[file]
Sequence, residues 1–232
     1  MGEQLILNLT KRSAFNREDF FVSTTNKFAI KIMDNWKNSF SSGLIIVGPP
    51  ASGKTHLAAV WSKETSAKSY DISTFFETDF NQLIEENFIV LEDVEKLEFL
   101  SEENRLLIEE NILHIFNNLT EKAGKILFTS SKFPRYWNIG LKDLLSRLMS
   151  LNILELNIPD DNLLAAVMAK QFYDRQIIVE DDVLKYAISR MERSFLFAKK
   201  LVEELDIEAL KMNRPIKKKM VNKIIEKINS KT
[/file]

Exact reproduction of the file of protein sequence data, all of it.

Sequence, residues 1–232
     1  MGEQLILNLT KRSAFNREDF FVSTTNKFAI KIMDNWKNSF SSGLIIVGPP
    51  ASGKTHLAAV WSKETSAKSY DISTFFETDF NQLIEENFIV LEDVEKLEFL
   101  SEENRLLIEE NILHIFNNLT EKAGKILFTS SKFPRYWNIG LKDLLSRLMS
   151  LNILELNIPD DNLLAAVMAK QFYDRQIIVE DDVLKYAISR MERSFLFAKK
   201  LVEELDIEAL KMNRPIKKKM VNKIIEKINS KT